Arthur Lyman
Hawaiian Sunset






Vibraphonist Arthur Lyman’s (1932–2002) dreamiest album of all times is undoubtedly Hawaiian Sunset, released in 1959 on Hi-Fi Records. If you are not fond of the encapsulating, soothing and mellifluous aura the Exotica genre is able to provide, then by all means, do not invest your time, as only the opener might be of interest to you. Everyone else who loves Exotica for all its multifaceted styles, but is most enchanted by the Ambient pieces of the exotic realms can rightfully denominate Hawaiian Sunset as the holy grail of, err, Ambient Exotica (the genre of course, not this website). It is one of the rare albums with the adjective "Hawaiian" in its title that does not encompass the sun-dried Hapa Haole style, shedloads of steel guitars and an all too overt use of ukuleles. No, Hawaiian Sunset turns out to be a superbly languorous LP, so much so that it is undoubtedly Arthur Lyman’s dreamiest and most coherent album of the 50’s, heck, of all times! It is a dream come true for fans of the mellow Exotica style. It is certainly whitewashed and silkened, true, but by no means bland or overly formulaic.


Arthur Lyman and band – Alan Soares on the piano and glockenspiel, John Kramer as the bassist and ukulele player as well as percussionist Harold Chang – gather a whopping 13 songs, almost all of them essential pieces that are statistically found on every second Hawaiian album. Even if one only has a vanishingly low interest in the Exotica genre, an encounter with varying interpretations of the presented material is inescapable. So where is the key difference? Naturally, it is Lyman’s performance on the vibes; whereas it is played in a vivid martelato style on Bahia (1959), it is the boost of both the decay and sustain of this instrument which, in tandem with the legato tone sequences and Alan Soares’ solemn piano, create an enchantment and carefree aura that is second to none. Since Arthur Lyman depicts a Hawaiian Sunset, there are barely any bird calls on the album. Likewise, the pool of instruments is rapidly thinned, and deliberately so, as the link to the humble Hapa Haole genre has to be maintained. It is thus Lyman’s quietest, most sumptuous and least vivid album. And that is a good thing for a change!


Johnny Noble’s Hawaiian War Chant opens the album, but Arthur Lyman’s version is decidedly different from many others in that he tries to truly mediate between an enchanted cove-like setting and a wilder but still only mildly frantic drum section. The prologue already unchains the vivid concoction of sizzling maracas, snare drums and bongos and merges it with Lyman’s mellifluous-doleful dichotomy on the vibes; they are almost spectral and moon-evoking in their timbre, and while the nocturnal mystique of Moon Over A Ruined Castle off his 1958 album Bwana Ā is never reached, Hawaiian War Chant comes pretty close. Alan Soares’ piano underpins the main melody together with John Kramer’s double bass accents and Harold Chang’s staggering drums. The ensuing percussion section is so successful due to the natural reverb and decay. The Henry Kaiser geodesic aluminum dome offers the best stage for this prolific take.


Hawaiian War Chant is splendidly layered, the many different drums are not used in a gimmicky way, but really add verve and plasticity to a tune which can sound awfully false and pale in the wrong hands. But here, it works really well, and from this point on, the actual dreamscape of Hawaiian Sunset begins, namely with Harry Owens’ classic Sweet Leilani. Of great interest are the many twinkling wind chimes and glockenspiels which scintillate around the solemn piano chords and soothing polyphony of the vibes. Alan Soares even plays a plain old acoustic guitar on this unexpectedly upbeat tune. However, since every element sparkles gently, the vividness is deeply opaque and well-camouflaged.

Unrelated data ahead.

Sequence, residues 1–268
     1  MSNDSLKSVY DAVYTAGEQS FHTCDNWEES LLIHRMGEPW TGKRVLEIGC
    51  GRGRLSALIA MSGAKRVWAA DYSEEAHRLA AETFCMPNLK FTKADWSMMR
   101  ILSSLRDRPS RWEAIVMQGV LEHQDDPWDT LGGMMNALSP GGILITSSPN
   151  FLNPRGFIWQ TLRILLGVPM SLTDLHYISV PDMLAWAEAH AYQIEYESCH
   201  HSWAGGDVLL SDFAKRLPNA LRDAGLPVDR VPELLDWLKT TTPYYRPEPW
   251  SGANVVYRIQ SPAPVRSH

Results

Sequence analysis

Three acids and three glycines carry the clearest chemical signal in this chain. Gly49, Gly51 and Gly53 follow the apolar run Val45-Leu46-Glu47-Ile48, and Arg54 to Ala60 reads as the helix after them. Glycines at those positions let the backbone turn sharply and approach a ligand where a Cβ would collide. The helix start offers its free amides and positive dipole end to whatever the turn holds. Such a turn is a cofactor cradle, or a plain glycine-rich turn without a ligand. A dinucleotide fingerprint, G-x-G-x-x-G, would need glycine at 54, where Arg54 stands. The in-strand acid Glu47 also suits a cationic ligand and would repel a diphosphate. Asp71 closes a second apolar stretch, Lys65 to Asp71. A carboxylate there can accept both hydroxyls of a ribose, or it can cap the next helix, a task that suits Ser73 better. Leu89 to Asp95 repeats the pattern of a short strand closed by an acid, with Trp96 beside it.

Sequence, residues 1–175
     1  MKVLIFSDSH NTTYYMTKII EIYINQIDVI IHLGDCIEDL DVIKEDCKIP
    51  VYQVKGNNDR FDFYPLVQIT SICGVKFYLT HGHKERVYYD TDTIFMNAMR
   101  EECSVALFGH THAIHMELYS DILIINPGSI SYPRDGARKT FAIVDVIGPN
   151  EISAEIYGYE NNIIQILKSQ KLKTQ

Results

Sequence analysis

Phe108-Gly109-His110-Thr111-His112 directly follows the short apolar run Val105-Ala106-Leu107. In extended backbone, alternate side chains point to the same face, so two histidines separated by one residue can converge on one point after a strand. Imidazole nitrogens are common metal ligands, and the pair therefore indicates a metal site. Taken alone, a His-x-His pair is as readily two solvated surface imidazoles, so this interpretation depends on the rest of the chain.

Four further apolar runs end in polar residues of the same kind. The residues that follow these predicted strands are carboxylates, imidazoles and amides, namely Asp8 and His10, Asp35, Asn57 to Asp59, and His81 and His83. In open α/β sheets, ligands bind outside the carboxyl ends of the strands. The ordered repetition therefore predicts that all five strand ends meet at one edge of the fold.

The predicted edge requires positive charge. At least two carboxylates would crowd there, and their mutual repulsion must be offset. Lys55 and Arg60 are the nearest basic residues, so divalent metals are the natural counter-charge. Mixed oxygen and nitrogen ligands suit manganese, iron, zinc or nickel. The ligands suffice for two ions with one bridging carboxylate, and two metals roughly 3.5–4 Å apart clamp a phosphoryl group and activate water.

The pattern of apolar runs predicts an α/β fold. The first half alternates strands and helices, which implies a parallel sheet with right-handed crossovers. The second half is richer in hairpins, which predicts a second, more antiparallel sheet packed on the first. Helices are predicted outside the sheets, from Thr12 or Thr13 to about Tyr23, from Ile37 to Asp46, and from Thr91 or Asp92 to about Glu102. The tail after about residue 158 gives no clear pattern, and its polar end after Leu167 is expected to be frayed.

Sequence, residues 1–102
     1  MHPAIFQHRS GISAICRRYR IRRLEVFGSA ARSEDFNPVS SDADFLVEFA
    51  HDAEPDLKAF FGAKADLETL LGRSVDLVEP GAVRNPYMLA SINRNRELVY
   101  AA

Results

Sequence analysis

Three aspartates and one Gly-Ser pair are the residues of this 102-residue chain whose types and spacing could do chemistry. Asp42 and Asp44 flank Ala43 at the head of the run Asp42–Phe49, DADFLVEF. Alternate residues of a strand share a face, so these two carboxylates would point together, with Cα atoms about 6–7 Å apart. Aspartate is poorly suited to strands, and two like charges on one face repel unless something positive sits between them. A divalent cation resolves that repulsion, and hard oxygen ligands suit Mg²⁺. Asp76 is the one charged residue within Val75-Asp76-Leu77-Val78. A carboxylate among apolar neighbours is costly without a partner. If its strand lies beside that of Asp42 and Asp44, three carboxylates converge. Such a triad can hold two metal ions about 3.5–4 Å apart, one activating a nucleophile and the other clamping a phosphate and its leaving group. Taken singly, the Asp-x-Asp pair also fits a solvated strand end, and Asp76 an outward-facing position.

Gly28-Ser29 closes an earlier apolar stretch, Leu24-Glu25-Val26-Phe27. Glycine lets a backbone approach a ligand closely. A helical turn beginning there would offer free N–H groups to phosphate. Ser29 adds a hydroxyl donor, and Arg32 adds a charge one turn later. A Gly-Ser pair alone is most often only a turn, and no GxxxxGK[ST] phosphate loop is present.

Charles E. King’s Imi Au La ‘Oe (Queen Serenade) follows with Kramer’s ship horn-resembling alto flute and a slowly meandering ukulele-backed vibraphonescape that gleams and trembles dreamily, absorbing the listener and taking him or her into a beguiled island. The sunset marker of the album title is once again carefully interwoven into the arrangement, with the sparkling chimes resembling the glinting light of the moon on the waves near the beach. A cliché in itself, true, but Lyman and band transfigure it into a gorgeous dreamlike state. An Ambient Exotica track if there ever was one!


While Johnny Noble’s My Tane puts Alan Soares’ aqueous piano droplets and cascades into the limelight which are then prominently supported by vibe bursts and Kramer’s double bass blebs, Arthur Lyman’s own Whispering Reef Lullaby offers a fantastically wondrous synergy of faux-seagull cries, golden-shimmering ukulele twangs of silk and hyper-gentle vibe waves with lucent glockenspiels. The moony melody is tremendously mollifying, and even though an intimate arrangement like this is featured time and again on Hawaiian Sunset, it never gets boring to me. Song Of The Islands (Na Lei O Hawaii), originally written by Charles E. King, closes side A with the expected dreamy vibraphone chords, but soon surprises with an uplifting bongo groove which only distracts ever so slightly from the reverie and stops soon enough anyway in order to let the rhythm ukuleles and lead glockenspiels shine all the more. Side A succeeds with a string of 6 magnificent tracks, with only the opener Hawaiian War Chant living up to the adventurous expectations of Lyman's fans.


Side B launches with the teensy 68-seconds-vista of the traditional Hawaiian ditty Hi’lawe. The soundscape changes dramatically, the band plans a single stop at this sunny territory which is based on handclap-like woodblocks, an acoustic guitar plus a ukulele and an iridescent glockenspiel in the background. Well, this shanty is too short and an all too distinctive break, so I tend to ignore its bonfire concept. It really is non-essential for Hawaiian Sunset and can be seen as the bonus track to branch off.